Stronger GDP growth is the key to sustaining U.S. equity momentum.
As we enter December, the market continues to chew over the implications of a Donald Trump presidency. Last week, my colleague, Erik Knutzen, CIO of Multi-Asset Class, examined the outlook for emerging markets debt and equities. This week, we take a look at the prospects for U.S. equities.
There’s been a lot of noise and excitement about the so-called “Trump Bounce” in equities, but I want to dig a little deeper and look at some of the factors that are likely to sustain it. The most important element in equities’ continued recovery is a pickup in expectations for stronger GDP growth. Indeed, this may already be in the works.
The most recent figures, for example, show an upwards revision in Q3 GDP—up from 2.4% to 2.9%1, largely driven by consumer spending. This was better than anticipated, and although estimates tend to fluctuate throughout a quarter, the Atlanta Fed is projecting Q4 GDP to be over 3%. So, if this plays out, it represents a 2.25% increase in GDP for the whole year. That’s a pretty decent tick up from the 1.5% the U.S. economy experienced throughout 2015 and much of 2016.
Next, you need to factor in the new administration’s plans for meaningful fiscal stimulus. Indeed, Steven Mnuchin, the Treasury secretary designate, made a case for greater fiscal policy intervention only last week. This included much talk about tax cuts, both corporate and personal, together with the long-heralded increase in infrastructure spend. Taken together, and if implemented, these initiatives should provide the tailwind that will drive U.S. GDP growth above the levels we’ve seen in recent years.
With a stronger level of growth, earnings should improve. Back in the spring, this was an area of concern for us. Accelerating earnings growth would be the strong foundation for further improvement in U.S. equity markets and support the higher P/E multiples that, for the first half of 2016, were driven by lower bond yields.
Industry Sectors a Mixed Bag
So, which areas of the U.S. stock market are most likely to benefit under this new environment and which ones will be left out in the cold? On the positive side of the ledger, financials should do well because of the expectation of interest rate increases and less rigorous bank regulation. Domestic cyclicals and energy companies should also be among the beneficiaries of faster domestic growth.
The small-cap space is also enjoying a strong rally. Since its November 3 low point, the Russell 2000 Index is up nearly 15% through the end of November. In contrast, the S&P 500 has posted a return of around 6%.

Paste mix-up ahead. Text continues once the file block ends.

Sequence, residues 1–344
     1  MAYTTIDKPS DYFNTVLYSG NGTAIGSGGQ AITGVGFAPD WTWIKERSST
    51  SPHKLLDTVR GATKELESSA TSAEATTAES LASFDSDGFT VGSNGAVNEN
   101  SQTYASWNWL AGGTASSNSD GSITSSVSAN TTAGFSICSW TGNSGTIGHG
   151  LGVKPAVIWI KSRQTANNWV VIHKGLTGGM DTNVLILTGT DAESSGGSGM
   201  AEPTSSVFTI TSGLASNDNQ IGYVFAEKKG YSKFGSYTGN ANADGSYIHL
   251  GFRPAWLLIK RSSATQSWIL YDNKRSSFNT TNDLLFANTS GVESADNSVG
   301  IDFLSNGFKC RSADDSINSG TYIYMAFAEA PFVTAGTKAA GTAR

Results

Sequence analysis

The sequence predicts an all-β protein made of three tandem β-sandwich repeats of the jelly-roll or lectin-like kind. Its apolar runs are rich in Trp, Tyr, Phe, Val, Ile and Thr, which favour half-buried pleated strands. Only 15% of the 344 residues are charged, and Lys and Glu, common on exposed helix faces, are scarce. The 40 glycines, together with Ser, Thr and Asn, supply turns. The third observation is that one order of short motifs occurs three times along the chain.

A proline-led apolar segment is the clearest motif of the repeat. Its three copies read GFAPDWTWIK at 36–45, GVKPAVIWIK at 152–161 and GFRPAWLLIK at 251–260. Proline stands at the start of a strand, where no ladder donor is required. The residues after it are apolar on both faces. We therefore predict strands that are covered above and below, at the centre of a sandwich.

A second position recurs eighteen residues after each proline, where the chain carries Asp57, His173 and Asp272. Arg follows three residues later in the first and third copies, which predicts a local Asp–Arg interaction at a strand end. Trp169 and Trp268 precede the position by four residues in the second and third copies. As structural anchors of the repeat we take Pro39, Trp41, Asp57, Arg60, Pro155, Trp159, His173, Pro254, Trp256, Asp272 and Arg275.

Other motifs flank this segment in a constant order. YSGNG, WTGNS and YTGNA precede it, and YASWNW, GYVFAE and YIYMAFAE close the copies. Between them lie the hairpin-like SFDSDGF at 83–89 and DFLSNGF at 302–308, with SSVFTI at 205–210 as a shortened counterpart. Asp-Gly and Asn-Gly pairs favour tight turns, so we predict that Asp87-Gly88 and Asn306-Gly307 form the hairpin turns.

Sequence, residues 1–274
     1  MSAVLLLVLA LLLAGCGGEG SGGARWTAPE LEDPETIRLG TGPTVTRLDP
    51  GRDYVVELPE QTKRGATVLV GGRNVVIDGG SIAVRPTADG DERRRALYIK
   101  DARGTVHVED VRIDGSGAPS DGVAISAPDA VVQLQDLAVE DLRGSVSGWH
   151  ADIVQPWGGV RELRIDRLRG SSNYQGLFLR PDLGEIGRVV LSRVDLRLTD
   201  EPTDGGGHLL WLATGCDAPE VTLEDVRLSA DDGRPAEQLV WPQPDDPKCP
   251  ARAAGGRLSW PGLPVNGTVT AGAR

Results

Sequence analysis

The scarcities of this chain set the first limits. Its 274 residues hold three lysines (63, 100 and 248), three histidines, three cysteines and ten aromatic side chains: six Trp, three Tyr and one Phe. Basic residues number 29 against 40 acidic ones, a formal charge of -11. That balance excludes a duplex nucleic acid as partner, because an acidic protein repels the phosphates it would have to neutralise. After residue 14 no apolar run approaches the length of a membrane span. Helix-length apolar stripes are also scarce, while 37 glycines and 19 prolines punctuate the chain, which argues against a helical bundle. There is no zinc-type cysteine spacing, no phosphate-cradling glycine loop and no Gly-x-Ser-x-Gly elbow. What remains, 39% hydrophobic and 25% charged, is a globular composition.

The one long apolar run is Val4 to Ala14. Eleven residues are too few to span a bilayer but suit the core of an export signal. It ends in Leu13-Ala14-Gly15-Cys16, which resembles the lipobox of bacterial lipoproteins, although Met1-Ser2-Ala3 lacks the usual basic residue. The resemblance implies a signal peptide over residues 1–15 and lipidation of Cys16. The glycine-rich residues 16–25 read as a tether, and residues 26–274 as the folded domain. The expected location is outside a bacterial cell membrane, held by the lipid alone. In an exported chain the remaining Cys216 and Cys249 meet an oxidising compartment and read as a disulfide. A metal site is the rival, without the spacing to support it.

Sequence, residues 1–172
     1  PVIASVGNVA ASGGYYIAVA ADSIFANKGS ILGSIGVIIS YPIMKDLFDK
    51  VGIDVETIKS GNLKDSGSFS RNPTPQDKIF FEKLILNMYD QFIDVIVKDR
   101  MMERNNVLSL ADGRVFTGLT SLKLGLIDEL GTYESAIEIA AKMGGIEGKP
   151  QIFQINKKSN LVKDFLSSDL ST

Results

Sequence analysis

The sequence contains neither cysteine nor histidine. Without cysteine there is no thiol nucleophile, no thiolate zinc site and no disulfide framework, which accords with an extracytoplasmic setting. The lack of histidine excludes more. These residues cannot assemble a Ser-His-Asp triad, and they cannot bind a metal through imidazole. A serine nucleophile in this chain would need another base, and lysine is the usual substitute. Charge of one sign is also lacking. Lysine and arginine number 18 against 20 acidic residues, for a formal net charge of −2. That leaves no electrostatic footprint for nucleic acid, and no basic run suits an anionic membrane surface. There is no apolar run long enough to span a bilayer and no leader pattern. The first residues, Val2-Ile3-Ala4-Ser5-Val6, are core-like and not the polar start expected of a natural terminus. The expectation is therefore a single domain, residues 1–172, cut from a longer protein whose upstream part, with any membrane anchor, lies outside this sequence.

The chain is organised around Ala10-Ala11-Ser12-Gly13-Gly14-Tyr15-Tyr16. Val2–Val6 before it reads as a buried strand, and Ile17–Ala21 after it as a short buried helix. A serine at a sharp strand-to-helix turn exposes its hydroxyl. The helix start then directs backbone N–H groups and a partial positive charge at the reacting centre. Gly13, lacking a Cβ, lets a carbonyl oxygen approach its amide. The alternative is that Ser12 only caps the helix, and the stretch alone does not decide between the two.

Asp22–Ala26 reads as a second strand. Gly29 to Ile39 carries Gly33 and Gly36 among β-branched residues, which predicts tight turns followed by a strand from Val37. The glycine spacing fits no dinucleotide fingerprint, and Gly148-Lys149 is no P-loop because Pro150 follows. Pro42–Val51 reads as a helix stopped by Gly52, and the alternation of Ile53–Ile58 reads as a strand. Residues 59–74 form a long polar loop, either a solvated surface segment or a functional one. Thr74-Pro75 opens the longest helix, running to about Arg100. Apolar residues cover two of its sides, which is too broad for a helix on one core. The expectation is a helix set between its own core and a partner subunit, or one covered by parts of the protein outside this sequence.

Health care, however, is a mixed bag. Tom Price, the proposed Secretary of Health and Human Services, is a vocal critic of the Affordable Care Act. In fact, he’s likely to try to do away with “Obamacare” altogether and replace it with a more market-based system. As a result, investors are struggling to figure out who’ll be the winners and losers if the current system begins to unravel.
Trade and the Dollar
So what are the risks to this more optimistic scenario? One is that trade becomes an issue. There was a lot of anti-trade rhetoric during the recent U.S. election, although things have quieted down a bit since then. But tensions could reignite next year when Trump takes office. A trade “war” of sorts could be a meaningful drag on global GDP growth. Trade has in fact already been slowing over the past three years due, in part, to protectionist measures implemented in many countries.
The stronger U.S. dollar is making life increasingly uncomfortable for many large-cap exporters. Growing dollar strength has major implications for large international companies and, by association, their earnings growth. Since the U.S. election, the greenback has already risen by 4% and looks set to rise higher. And there’s near-universal agreement that the Fed will increase rates later this month, which will put additional upward pressure on the currency and, therefore, on big global exporters.
Net-Net, We have a Positive Outlook
But despite these concerns, the prospects for U.S. equities look far healthier than they did a month ago. So the decision of our Asset Allocation Committee just over a week ago to raise our 12-month outlook for U.S. equities to slightly above normal has, so far, proved to be the right one. Stay tuned to see whether this remains the case.
Neuberger Berman's CIO insight by Joseph V. Amato
Joseph V. Amato is President of Neuberger Berman Group LLC and Chief Investment Officer. He is also a member of the firm’s Board of Directors and its Audit Committee. Prior to this role, Joe served as Lehman Brothers’ Global Head of Asset Management and head of its Neuberger Berman subsidiary, a position he held from April 2006. From 1996 thru 2006, Joe held senior level positions within Lehman Brothers’ Capital Markets business serving as Global Head of Equity Research for the bulk of that time.